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|Georgetown Victory is Latest Win For Student Workers' Rights Campaign|
Student Activists to be honored at American Rights at Work Awards Ceremony on March 31st
WASHINGTON, DC—After three years of campaigning, nine days of hunger striking and 270 pounds lost, students have won a living wage for Georgetown University employees. The university also reaffirmed workers' rights to organize unions without interference from the university, and agreed to equal pay for equal work and equal access to resources and benefits for all employees.
Yesterday's victory by Georgetown students is one of a number of campaigns for workers' rights that significantly benefited from student activism. In March, Taco Bell reached an agreement with produce supplying farmworkers that ended a national "Boot the Bell" boycott that led 22 colleges and high schools to remove Taco Bell restaurants and products from campuses. Also, students in North Carolina and across the country marked the beginning of their academic year with a victory for workers at the Mt. Olive Pickle Company. On September 16, 2004, the employer and the Farm Labor Organizing Committee reached a historic labor agreement that brings better working conditions and the freedom to form unions to 8,000 farmworkers.
"Thank goodness for these students' courage and conviction," says Mary Beth Maxwell, Executive Director of American Rights at Work, a national workers' rights advocacy organization. "Their actions not only help define fairness in the workplace, but push us all to build the kind of world we want to create for future generations."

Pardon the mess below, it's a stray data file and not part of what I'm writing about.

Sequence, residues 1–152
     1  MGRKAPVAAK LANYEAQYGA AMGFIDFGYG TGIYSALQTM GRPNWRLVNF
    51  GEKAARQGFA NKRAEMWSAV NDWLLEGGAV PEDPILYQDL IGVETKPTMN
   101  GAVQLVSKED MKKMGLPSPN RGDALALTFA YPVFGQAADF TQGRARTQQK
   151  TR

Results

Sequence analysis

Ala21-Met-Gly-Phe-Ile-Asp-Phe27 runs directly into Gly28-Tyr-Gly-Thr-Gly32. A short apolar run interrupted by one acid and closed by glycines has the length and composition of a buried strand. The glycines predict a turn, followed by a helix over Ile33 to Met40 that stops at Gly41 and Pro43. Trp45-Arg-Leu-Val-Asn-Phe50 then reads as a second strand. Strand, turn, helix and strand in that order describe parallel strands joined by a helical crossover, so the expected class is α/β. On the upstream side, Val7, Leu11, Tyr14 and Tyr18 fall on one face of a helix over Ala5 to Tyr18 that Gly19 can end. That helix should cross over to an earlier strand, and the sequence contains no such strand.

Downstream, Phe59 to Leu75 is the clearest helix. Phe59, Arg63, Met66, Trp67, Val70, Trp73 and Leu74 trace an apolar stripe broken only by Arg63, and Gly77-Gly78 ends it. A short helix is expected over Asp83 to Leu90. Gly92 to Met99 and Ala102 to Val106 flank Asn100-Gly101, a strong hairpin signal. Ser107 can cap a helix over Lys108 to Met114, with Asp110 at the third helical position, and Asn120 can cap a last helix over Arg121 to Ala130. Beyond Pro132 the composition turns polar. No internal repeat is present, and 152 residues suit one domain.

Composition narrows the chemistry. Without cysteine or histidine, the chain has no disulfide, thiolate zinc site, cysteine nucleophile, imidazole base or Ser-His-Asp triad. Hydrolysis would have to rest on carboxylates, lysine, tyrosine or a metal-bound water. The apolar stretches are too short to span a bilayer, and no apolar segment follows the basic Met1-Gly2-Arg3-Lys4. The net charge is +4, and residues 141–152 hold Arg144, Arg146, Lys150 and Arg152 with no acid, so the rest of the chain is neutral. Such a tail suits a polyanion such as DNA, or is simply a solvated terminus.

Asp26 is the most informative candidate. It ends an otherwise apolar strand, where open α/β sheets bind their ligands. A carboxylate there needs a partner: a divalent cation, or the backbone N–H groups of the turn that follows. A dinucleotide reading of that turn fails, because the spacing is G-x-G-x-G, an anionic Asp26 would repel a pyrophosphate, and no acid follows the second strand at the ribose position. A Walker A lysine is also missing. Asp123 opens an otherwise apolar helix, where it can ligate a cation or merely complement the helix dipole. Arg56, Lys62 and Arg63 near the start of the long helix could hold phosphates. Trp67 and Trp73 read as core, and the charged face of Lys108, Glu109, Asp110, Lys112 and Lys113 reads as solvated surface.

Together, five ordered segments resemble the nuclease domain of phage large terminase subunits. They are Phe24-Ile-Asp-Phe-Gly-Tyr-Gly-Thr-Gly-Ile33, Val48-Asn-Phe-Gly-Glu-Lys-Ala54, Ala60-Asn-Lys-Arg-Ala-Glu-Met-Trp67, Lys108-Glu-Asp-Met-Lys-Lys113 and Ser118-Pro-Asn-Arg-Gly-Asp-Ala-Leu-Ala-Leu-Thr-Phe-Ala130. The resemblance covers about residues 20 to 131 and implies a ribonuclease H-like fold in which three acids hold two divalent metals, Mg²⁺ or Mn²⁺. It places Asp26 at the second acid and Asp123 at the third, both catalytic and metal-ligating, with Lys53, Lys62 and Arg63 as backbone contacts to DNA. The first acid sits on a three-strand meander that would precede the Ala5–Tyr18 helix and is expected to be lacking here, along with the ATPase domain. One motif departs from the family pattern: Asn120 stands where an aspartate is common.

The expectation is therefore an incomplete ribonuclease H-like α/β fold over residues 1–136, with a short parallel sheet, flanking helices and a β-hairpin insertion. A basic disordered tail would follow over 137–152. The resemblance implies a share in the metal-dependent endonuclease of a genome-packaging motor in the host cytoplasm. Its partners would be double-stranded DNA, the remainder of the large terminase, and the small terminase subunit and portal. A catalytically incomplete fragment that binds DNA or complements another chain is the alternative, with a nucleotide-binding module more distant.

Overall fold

Many students participating in these campaigns have also demonstrated their support for workers' rights through involvement in the National Student Labor Week of Action. Hundreds of actions take place every year as part of the Week of Action, which commences March 31 in honor of Cesar Chavez's birthday, and ends April 4 in commemoration of the assassination of Rev. Martin Luther King, Jr. during the Memphis sanitation workers strike. This national effort to support local and national economic justice campaigns is led by the Student Labor Action Project of Jobs with Justice and the United States Student Association, who work with five partnering organizations: United Students Against Sweatshops, Student/Farmworker Alliance, Not with our Money!, Student Action with Farmworkers, and Movimiento Estudiantil Chicano de Aztlàn.
American Rights at Work will honor the student activists at its first annual Eleanor Roosevelt Human Rights Awards Celebration on March 31. Roosevelt was instrumental in the passage of the UN's Universal Declaration of Human Rights which states, "Everyone has the right to freedom of peaceful assembly and association and the right to form and join trade unions.'"
"Like Eleanor Roosevelt, student organizers of the National Student Labor Week of Action use their talents and influence to advance the understanding of workers' rights as a cornerstone of human rights and social justice," says Bonior.
Other honorees include visionary artist and activist Ossie Davis and two employers with good labor relations models, Catholic Heathcare West and Harley-Davidson Motor Company. Actor Brad Whitford of NBC's "The West Wing," who is also an American Rights at Work Board member, will serve as Master of Ceremonies for the event at the National Museum of Women in the Arts in Washington, DC.
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American Rights at Work is a nonprofit advocacy organization dedicated to promoting the freedom of workers to organize unions and bargain collectively with employers.